elem.querySelector('.foo .bar');
                elem.querySelectorAll('.foo .bar');
                Instead of remembering more than ten seperate query selector syntax versions, simply remembering
                Code:
                elem.querySelector('');
                and
                Code:
                elem.querySelectorAll('');
                without having to import jquery to boot.

                The classes paradigm has the advantage, vs the proto construct Javascript uses, in that most colleges teach the classes metaphor. Then those graduates go out and program every language as if it has classes. I am not saying that the proto is wrong, just that it is not understood and used safely/correctly by the majority of those actually programming in Javascript.

                Comment


                • #9
                  I wonder why they keep ignoring lua.
                  Lua has a nice set of features, of which a natural form of sandboxing is a very good one (scripts can never escape the namespace you give them and hence cannot do more than you allow them to). It's always faster than javascript.
                  It's activelly supported as a scripting language for enlightenment so for tizen, mainly by Samsung but also by other tizen companies.
                  Lua is that good that it can run in the linux kernel as a packet filter. (Lookup kmod-lua @ openwrt)
                  Lua is used in a lot of environments (android game development, chrome browser extensions, it is embedded into redhat's rpm package management).
                  And most importantly: it's just plug and play. Link to lua, and give it something to do.

                  Comment


                  • #10
                    Originally posted by Ardje View Post
                    I wonder why they keep ignoring lua.
                    Lua has a nice set of features, of which a natural form of sandboxing is a very good one (scripts can never escape the namespace you give them and hence cannot do more than you allow them to). It's always faster than javascript.
                    It's activelly supported as a scripting language for enlightenment so for tizen, mainly by Samsung but also by other tizen companies.
                    Lua is that good that it can run in the linux kernel as a packet filter. (Lookup kmod-lua @ openwrt)
                    Lua is used in a lot of environments (android game development, chrome browser extensions, it is embedded into redhat's rpm package management).
                    And most importantly: it's just plug and play. Link to lua, and give it something to do.
                    Lua is also used in some really high profile games from Blizzard, namely WOW. However, in terms of usefulness, it would need to be extended for functionality the web currently requires. Which is really all that ECMA6 is doing for current generation Javascript.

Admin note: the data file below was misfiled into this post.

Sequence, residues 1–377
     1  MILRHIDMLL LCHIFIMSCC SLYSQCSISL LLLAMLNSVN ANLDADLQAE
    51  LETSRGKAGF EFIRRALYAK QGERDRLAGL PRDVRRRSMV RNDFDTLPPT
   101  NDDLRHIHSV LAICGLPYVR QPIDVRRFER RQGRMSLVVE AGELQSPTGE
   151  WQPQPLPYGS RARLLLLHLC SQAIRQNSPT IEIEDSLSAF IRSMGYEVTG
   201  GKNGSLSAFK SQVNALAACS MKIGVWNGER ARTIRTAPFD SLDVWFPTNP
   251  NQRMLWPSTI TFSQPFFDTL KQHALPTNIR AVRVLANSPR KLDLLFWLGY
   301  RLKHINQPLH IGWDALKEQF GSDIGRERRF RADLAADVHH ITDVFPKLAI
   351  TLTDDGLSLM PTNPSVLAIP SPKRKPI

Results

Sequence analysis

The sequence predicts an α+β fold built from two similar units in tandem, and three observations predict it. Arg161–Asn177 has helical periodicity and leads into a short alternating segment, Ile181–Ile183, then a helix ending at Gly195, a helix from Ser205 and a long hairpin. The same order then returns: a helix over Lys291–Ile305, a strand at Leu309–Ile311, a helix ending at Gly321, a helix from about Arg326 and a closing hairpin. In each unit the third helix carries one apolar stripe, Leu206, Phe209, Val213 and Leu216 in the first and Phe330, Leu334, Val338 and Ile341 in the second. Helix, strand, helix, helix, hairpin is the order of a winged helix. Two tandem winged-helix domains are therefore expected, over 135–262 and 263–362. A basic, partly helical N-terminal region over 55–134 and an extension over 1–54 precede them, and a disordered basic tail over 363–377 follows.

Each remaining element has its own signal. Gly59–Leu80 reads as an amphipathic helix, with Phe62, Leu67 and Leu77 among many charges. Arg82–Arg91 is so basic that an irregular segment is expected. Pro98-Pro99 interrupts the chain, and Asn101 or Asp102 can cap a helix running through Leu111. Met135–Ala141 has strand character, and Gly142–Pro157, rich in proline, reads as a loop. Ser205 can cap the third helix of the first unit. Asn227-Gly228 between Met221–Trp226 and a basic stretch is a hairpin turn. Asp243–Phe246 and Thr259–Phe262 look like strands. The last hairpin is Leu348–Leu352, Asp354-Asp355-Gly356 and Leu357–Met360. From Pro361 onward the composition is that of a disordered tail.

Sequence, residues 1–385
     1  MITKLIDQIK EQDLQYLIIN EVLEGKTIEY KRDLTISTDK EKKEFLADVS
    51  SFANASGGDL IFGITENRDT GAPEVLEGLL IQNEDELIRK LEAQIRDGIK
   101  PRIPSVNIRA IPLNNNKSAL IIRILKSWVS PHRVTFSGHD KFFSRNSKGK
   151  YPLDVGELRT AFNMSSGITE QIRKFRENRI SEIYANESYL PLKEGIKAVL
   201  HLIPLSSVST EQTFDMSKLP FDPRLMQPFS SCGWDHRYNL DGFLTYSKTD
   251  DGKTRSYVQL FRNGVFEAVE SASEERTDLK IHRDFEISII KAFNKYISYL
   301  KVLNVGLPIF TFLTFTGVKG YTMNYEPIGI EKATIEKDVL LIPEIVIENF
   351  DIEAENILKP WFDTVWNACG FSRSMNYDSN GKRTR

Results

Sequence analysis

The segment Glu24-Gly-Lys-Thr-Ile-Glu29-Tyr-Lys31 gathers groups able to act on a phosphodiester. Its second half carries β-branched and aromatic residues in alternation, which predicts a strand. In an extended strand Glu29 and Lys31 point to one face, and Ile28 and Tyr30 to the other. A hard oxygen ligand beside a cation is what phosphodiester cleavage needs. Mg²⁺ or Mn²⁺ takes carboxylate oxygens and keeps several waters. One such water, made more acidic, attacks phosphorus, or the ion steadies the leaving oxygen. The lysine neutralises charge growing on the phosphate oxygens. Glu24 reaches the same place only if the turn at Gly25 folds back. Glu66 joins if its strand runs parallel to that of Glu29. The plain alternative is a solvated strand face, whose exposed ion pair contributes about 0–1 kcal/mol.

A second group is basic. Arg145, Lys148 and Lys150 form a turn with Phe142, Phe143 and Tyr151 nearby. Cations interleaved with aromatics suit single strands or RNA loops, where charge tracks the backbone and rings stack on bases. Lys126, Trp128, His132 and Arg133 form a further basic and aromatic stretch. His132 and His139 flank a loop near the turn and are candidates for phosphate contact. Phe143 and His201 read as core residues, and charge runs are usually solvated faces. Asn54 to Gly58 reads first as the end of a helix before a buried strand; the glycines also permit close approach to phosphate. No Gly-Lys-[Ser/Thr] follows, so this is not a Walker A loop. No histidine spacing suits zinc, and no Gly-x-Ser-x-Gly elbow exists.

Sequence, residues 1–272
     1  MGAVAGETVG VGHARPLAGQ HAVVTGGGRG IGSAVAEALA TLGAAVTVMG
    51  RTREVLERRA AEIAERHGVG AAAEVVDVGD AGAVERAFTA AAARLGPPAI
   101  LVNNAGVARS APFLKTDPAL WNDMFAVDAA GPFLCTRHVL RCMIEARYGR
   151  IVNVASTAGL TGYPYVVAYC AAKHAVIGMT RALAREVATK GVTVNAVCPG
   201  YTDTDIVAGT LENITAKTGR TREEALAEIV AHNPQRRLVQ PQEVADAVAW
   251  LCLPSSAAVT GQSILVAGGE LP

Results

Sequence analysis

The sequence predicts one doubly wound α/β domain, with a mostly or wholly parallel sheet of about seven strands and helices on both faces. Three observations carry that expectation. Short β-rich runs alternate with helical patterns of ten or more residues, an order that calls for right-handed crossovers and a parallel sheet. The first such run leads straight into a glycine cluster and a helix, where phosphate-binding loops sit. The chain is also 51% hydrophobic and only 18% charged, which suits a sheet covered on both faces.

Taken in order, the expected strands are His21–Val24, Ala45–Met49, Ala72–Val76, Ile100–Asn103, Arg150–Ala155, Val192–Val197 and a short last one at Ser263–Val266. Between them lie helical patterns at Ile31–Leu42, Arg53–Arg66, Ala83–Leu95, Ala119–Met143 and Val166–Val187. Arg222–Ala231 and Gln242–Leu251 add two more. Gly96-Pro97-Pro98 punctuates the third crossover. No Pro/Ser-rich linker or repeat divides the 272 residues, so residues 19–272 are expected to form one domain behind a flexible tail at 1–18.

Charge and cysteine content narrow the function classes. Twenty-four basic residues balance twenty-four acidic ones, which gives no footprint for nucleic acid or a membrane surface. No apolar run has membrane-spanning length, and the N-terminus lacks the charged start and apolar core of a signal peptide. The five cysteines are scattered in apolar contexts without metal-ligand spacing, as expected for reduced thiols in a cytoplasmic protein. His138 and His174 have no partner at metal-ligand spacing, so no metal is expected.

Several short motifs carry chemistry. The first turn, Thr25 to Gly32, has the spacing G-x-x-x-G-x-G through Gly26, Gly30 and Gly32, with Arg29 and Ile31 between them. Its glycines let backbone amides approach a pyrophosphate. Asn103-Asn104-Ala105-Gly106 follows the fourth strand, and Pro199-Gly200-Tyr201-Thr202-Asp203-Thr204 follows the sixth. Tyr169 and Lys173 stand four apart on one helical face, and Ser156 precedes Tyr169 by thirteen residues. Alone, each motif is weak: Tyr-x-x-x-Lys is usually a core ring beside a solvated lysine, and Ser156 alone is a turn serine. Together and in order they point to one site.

Dart is designed for where Google sees the web, mobile and servers going over the next few years. The fact that it is open source from the start, as well as an ECMA standard, will hopefully help its adoption by those that will find it most useful.

                    By the way, lua can be run in the browser in javascript. I think I read about that here on Phoronix, though I could be wrong.

                    Comment


                    • #11
                      Originally posted by dragorth View Post
                      An example of how they took the web into account from Dart's "Improving the DOM" page:
                      Better Querying Built IN
                      Code:
                      // Old:
                      // Old:
                      elem.getElementById('foo');
                      elem.getElementsByTagName('div');
                      elem.getElementsByName('foo');
                      elem.getElementsByClassName('foo');
                      elem.querySelector('.foo .bar');
                      elem.querySelectorAll('.foo .bar');
                      vs

                      Code:
                      // New:
                      elem.querySelector('#foo');
                      elem.querySelectorAll('div');
                      elem.querySelectorAll('[name="foo"]');
                      elem.querySelectorAll('.foo');
                      elem.querySelector('.foo .bar');
                      elem.querySelectorAll('.foo .bar');
                      Instead of remembering more than ten seperate query selector syntax versions, simply remembering
                      Code:
                      elem.querySelector('');
                      and
                      Code:
                      elem.querySelectorAll('');
                      without having to import jquery to boot.